SHAMOKIN - The Anthracite Outdoor Adventure Area (AOAA) Authority announced Tuesday night plans are in place to construct a permanent building this year at the park's trailhead.

AOAA Authority chairman James Backes presented the blueprints for the Trailhead Overall Plan at the authority meeting in the Northumberland County Career and Arts Center.

The documents, created by Pennoni Associates, of Mechanicsburg, must be approved by Northumberland County Planning Commission, Northumberland County Conservation District, Coal Township Planning Department, PennDOT and Verizon Wireless.

The authority, which had its first meeting Jan. 29, was formed to oversee the operation and maintenance of the AOAA, which is being developed on 6,500 acres on county-owned forest and coal lands in Coal, East Cameron, Mount Carmel, West Cameron and Zerbe townships.

The main access road, at Route 125 south of Burnside, will be up to federal standards and lead to an administrative building, which will have an office, conference room and three maintenance garages, Backes explained.

There will be 75 parking places on a paved lot and there will be 180 spaces on a gravel lot, with additional overflow parking, he said.

Additional details include an area for an ATV safety course, benches, lights and signs, authority member Pat Mack said.

The money to fund the designs and eventual construction is coming from a $1.5 million grant that was awarded in 2011 from the state Department of Conservation and Natural Resources (DCNR). Mack said very little of the money was used for the creation of the master plan.

Once the plans are approved by the agencies, the authority can advertise the construction plans and eventually contract a company. The authority members are hopeful they can have the construction completed before 2013 ends.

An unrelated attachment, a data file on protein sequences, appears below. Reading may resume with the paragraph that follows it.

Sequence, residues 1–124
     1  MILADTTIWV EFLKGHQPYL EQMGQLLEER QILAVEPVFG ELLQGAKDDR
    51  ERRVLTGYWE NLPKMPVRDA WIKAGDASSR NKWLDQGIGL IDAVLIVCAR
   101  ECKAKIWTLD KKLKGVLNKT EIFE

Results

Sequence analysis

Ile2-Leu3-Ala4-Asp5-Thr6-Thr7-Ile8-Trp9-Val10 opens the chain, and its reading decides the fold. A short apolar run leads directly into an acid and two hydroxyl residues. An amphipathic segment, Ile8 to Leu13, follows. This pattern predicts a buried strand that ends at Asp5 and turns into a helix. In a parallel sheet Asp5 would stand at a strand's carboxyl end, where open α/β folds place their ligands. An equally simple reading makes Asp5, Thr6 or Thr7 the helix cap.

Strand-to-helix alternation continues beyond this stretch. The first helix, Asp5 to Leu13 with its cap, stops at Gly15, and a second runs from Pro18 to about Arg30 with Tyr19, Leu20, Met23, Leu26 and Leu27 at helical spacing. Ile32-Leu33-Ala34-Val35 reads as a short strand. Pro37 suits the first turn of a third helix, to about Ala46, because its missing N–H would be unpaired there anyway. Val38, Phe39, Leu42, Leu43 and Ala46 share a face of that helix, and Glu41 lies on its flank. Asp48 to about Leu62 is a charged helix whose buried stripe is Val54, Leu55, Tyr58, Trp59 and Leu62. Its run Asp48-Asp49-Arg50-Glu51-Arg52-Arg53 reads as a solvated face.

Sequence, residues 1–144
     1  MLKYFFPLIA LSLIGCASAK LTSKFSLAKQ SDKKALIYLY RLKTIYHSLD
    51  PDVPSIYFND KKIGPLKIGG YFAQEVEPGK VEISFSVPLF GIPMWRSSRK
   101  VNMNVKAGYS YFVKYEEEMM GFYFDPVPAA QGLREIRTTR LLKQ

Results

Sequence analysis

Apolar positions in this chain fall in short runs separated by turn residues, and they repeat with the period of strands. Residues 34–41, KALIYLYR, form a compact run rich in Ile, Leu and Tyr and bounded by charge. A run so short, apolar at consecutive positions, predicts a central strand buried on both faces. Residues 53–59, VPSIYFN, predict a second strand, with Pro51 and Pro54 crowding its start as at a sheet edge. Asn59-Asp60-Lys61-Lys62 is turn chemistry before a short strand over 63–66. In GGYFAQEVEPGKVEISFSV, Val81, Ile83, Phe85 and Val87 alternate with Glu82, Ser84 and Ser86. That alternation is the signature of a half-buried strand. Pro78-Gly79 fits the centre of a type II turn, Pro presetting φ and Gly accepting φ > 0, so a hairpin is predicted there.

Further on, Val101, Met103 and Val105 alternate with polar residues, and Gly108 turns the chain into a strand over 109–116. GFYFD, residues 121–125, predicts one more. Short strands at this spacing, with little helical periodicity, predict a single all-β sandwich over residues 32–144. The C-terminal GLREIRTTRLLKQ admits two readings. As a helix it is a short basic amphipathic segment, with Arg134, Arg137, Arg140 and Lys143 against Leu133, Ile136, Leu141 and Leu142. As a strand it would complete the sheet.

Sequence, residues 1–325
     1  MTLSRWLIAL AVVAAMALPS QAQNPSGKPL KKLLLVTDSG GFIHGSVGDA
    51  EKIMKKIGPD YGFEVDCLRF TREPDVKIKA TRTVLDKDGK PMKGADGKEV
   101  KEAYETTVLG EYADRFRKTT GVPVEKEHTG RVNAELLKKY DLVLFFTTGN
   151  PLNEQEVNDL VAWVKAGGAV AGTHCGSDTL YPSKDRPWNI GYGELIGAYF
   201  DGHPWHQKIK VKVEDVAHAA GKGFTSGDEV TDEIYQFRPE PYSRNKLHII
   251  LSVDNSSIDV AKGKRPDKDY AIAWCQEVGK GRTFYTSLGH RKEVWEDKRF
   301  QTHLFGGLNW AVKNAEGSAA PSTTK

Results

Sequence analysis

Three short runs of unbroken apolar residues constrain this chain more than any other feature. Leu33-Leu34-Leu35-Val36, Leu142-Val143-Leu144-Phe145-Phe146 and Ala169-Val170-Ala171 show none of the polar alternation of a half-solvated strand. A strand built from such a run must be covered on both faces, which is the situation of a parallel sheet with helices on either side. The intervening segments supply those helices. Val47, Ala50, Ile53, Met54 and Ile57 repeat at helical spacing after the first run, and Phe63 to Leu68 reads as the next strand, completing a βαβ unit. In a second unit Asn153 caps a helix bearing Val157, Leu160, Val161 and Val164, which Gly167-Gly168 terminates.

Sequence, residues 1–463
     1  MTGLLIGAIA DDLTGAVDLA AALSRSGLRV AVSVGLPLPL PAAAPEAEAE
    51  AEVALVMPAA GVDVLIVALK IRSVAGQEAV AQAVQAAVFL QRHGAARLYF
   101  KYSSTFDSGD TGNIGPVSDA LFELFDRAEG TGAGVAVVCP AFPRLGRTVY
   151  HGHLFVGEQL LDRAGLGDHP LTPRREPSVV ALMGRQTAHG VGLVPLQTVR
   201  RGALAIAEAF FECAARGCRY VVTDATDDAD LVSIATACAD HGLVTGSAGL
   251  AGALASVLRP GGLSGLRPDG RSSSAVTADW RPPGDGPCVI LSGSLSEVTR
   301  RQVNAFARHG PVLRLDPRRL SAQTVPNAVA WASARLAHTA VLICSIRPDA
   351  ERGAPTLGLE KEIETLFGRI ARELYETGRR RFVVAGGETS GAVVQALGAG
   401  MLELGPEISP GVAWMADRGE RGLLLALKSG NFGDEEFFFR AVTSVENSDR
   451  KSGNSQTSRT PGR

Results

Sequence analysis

Watershed funding

Jaci Harner, watershed specialist with the Northumberland County Conservation District, also presented information to the authority that would allow them to apply for a maximum amount of $300,000 to improve the Carbon Run watershed.

The funding source comes from Act 13 of 2012: Marcellus Legacy Fund, which is money taxed from the Marcellus Shale natural gas industry and organized by the Commonwealth Financing Authority.

Applications to apply for the grant money are due by July 1, and will recipients will be awarded Nov. 13.

It is recommended that access to the Carbon Run Shamokin Creek Restoration Association (SCRA) Site 42 should be prohibited and protected by structures, such as fences or large boulders, to secure against future damage.

It was also recommended that three crossings be abandoned and secured, or Best Management Practices (BMPs) be employed to prevent erosion and sedimentation.

The last recommendation was for a fourth crossing in which a construction would divert storm water into a designed sedimentation pond.

Jeers, cheers

Coal Township resident Bill Knapick, who has been a long-time critic of the park, asked members if the county taxpayers would be reimbursed for trees cut by North Jersey Shore Jeep Club to create new trails in December 2011, which he says is a violation of the AOAA master site plan and state game commission regulations.

"In short, no," authority member Barry Yorwarth said.

Yorwarth repeated what he has previously said when Knapick raised the issue in several county commissioner meetings: the issue has been addressed, and the county, authority, DCNR and game commissioner are satisfied with the outcome and are moving on.

After Knapick called the situation a "cover up," Yorwarth told him he should file the charges he's been threatening to file instead of coming to the meetings to "bicker."

Backes assured Knapick any new trails in the park would be approved through the proper channels.

"We'll do our homework and we'll do it right," he said.

Joe Bressi, of East Cameron Township, defended the AOAA after Knapick sat down, saying the park is "the best thing since they discovered coal here two centuries ago."

"We have to get behind this and support this authority 100 percent," he said.

Bressi is developing a camping ground for park users on 117 acres of land at 140 Blacks Lane, between Trevorton and Gowen City.

His first phase is to develop 75 campsites on 26 of those acres, he said.

"In two years, I should have a full-blown campsite," he said.